North Carolina at Maryland: Three things to watch
The No. 9 Terps have won 13 of the last 14 meetings, and the No. 14 Tar Heels haven’t secured an ACC victory since April 10, 2004 – a span of 19 contests. But here are a few things to keep an eye on when the teams meet Saturday at Ludwig Field at 2 p.m.
1) If Maryland wants to limit a North Carolina offense ranked fourth in the country with 13.1 goals per game, the Terps must hold their own on faceoffs. Tar Heels fifth-year senior Shane Walterhoefer (Boys’ Latin) ranks second in the nation with a .646 faceoff percentage. Maryland could counter with junior Bryn Holmes, but the McDonogh graduate – who ranks sixth with a .605 percentage – is a game-time decision with a groin injury. "We’ll know more on Friday," Terps coach Dave Cottle said. "Walterhoefer is winning close to 65 percent. So we’ve got to find a way to either clear it or win face-offs or both in order to make things happen. That’s going to be critical. I think they’re going in feeling pretty good about the face-off game."
2) Maryland could use more productivity from a midfield that has not scored a goal in the team’s last two contests against Towson and UMBC. Seniors Dan Groot, Jeremy Sieverts and Jeff Reynolds can initiate at the top of the zone or go behind the net. Reynolds, in particular, has caught the attention of North Carolina coach Joe Breschi. "Reynolds is the emotional leader of that team," Breschi said. "I think he had two goals against Duke off the faceoff [actually one goal and one assist] that ignited them in transition. He’s extremely athletic, and I think we’ve got our hands full with them offensively."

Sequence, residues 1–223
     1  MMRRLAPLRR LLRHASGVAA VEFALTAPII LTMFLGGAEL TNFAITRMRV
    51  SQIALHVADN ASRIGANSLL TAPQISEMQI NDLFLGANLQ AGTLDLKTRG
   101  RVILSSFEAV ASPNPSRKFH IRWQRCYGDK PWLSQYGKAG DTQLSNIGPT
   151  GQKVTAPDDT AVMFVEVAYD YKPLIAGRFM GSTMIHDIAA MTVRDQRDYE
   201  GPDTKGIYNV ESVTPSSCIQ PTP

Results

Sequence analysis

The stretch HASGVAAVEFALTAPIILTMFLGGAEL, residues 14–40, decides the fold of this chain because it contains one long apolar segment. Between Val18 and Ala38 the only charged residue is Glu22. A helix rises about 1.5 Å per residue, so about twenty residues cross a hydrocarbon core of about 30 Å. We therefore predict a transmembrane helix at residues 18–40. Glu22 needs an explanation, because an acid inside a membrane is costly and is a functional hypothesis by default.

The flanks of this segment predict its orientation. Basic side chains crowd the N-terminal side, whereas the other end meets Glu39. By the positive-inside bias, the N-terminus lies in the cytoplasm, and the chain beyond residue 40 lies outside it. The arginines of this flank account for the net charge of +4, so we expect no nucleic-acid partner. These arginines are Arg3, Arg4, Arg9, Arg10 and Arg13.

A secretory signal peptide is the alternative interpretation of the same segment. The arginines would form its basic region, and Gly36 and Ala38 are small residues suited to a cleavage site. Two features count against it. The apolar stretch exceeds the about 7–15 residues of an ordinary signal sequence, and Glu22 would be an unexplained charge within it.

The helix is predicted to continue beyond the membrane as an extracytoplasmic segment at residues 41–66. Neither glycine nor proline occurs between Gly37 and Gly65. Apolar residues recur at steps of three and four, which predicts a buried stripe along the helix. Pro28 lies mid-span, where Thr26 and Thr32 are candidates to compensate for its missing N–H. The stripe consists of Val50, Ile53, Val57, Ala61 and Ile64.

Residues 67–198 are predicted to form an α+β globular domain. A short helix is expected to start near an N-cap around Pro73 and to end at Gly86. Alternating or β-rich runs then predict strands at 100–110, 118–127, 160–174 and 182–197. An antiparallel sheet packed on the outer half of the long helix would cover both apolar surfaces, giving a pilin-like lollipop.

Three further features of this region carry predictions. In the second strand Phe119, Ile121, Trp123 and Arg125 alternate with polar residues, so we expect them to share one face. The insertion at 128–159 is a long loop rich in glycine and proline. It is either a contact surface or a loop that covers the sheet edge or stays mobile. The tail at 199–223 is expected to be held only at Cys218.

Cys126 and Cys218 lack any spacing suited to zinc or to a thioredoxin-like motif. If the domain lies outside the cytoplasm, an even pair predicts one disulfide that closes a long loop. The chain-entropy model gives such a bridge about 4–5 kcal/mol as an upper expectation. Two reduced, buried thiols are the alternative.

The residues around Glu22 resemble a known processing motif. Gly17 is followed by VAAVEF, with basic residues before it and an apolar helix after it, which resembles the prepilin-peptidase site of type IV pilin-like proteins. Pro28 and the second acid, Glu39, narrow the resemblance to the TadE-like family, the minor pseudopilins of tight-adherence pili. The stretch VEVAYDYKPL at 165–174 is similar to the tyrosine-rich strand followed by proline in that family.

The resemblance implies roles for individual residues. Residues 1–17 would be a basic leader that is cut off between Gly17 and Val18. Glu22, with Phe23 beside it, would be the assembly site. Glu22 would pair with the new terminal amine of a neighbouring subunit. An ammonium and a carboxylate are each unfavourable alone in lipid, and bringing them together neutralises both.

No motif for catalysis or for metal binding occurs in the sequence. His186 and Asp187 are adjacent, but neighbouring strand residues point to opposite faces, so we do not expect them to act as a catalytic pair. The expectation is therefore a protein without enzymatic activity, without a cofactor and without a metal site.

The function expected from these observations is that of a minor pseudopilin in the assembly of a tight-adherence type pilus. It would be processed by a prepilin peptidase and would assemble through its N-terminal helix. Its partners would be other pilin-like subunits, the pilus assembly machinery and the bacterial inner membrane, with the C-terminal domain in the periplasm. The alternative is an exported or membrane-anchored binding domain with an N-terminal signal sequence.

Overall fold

3) The Tar Heels have stumbled recently, losing two of their last three after opening the season with six consecutive victories. In losses to Notre Dame and Duke, North Carolina clung to a 4-3 lead at halftime, but were outscored by a combined 6-0 in the third quarter and 15-7 in the second half. "I think from the offensive end, we’ve got to be more poised and have more composure than we had last weekend [against Duke]," Breschi said. "In a tight game, I don’t think we did a good enough job of being patient in the second half. We’ve got to learn to play better in the second half and third quarter specifically."